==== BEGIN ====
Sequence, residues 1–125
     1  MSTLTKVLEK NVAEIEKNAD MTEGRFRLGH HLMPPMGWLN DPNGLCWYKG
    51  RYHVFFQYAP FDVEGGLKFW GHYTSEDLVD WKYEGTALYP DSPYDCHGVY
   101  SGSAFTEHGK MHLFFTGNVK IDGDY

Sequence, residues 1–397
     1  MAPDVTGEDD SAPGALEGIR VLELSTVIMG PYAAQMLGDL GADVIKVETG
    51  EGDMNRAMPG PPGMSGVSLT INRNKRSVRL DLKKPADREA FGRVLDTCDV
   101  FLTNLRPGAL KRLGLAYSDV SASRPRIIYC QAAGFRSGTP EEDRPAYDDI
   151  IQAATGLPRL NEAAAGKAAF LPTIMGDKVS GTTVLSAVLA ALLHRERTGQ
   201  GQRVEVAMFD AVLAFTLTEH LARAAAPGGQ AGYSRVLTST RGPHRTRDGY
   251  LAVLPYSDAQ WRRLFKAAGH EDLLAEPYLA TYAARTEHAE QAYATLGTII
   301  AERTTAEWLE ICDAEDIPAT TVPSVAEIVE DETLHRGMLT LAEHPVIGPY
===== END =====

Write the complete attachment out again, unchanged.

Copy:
Sequence, residues 1–125
     1  MSTLTKVLEK NVAEIEKNAD MTEGRFRLGH HLMPPMGWLN DPNGLCWYKG
    51  RYHVFFQYAP FDVEGGLKFW GHYTSEDLVD WKYEGTALYP DSPYDCHGVY
   101  SGSAFTEHGK MHLFFTGNVK IDGDY

Sequence, residues 1–397
     1  MAPDVTGEDD SAPGALEGIR VLELSTVIMG PYAAQMLGDL GADVIKVETG
    51  EGDMNRAMPG PPGMSGVSLT INRNKRSVRL DLKKPADREA FGRVLDTCDV
   101  FLTNLRPGAL KRLGLAYSDV SASRPRIIYC QAAGFRSGTP EEDRPAYDDI
   151  IQAATGLPRL NEAAAGKAAF LPTIMGDKVS GTTVLSAVLA ALLHRERTGQ
   201  GQRVEVAMFD AVLAFTLTEH LARAAAPGGQ AGYSRVLTST RGPHRTRDGY
   251  LAVLPYSDAQ WRRLFKAAGH EDLLAEPYLA TYAARTEHAE QAYATLGTII
   301  AERTTAEWLE ICDAEDIPAT TVPSVAEIVE DETLHRGMLT LAEHPVIGPY